Development could end 'whiff'
YEARS of misery from the so-called 'Woolpit whiff' could be brought to an end as farmer John Clarke bids to develop his land.Mid Suffolk District Council is currently reviewing its Local Plan, which will form a blueprint for development into the next decade.
YEARS of misery from the so-called 'Woolpit whiff' could be brought to an end as farmer John Clarke bids to develop his land.
Mid Suffolk District Council is currently reviewing its Local Plan, which will form a blueprint for development into the next decade.
Landowners in the district have submitted bids for their holdings to be included as potential development sites, and among those bids is Mr Clarke's application.
Stephen Andrews, Local Plan manager with the council, said Mr Clarke wants the whole of Rookery Farm at Drinkstone turned in to either homes or become an extension to the existing neighbouring Woolpit Business Park.
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He said: "The extent of the land bid covers the whole of Mr Clarke's holding at Rookery Farm, Drinkstone, near Stowmarket.
"His agent has requested residential reuse of the land or employment or business use, they suggest as an extension to the Woolpit Business Park.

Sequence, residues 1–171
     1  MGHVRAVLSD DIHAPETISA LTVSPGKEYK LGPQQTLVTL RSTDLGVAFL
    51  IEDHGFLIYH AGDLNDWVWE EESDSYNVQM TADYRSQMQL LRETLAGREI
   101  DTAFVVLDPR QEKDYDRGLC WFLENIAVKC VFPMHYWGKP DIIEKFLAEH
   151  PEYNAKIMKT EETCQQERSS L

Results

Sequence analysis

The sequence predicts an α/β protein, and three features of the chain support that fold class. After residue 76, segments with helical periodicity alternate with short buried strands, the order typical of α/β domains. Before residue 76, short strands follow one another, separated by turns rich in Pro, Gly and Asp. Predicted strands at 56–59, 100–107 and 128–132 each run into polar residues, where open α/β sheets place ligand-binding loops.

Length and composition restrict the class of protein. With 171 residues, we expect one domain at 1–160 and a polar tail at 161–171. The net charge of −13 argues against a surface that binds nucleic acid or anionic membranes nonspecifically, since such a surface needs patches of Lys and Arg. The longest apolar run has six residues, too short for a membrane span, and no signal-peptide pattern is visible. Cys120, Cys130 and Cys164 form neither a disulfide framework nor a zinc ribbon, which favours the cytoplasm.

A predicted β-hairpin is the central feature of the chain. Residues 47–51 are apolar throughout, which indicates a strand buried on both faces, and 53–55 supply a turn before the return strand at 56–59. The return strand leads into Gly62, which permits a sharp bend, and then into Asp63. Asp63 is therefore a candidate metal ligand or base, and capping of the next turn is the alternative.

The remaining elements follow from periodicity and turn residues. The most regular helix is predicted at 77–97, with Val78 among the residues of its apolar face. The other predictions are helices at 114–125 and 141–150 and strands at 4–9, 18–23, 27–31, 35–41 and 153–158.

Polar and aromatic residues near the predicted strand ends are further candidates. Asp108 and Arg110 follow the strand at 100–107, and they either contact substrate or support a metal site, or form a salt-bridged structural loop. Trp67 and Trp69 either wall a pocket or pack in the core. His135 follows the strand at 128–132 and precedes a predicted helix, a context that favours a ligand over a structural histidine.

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"If an alternative use were found for the land Mr Clarke might wish to cease operation, but there would be no guarantee that there would be an immediate cessation of the activities on the site.''
Mr Clarke said it is an option he is considering and he could move his operation to Lakenheath further away from people's homes.
He said: "It's just an option. Mid Suffolk suggested it could be a possible way, but I do not know what they will do (with the application), there is no telling. We could move the operation up to Lakenheath."
But Mike Coad, a Drinkstone parish councillor, said the issue was debated at their last parish council meeting where they decided they were not in favour of such a development because it was inappropriate.
John Guyler, parish council chairman at Woolpit, said: "I would probably not welcome this, it would depend on what was put in there. At the end of the day it could be out of the frying pan and in to the fire with all the extra traffic generated."
If the Rookery Farm proposal was adopted by the council it would have to pass through two stages of formal consultation and a public inquiry, before the proposals could be acted on and planning permission sought.
Meanwhile a public inquiry in to Mr Clarke's attempt to overturn a Mid Suffolk District Council decision stopping him creating a rendering operation at Rookery Farm to create fertilizer is due to continue today.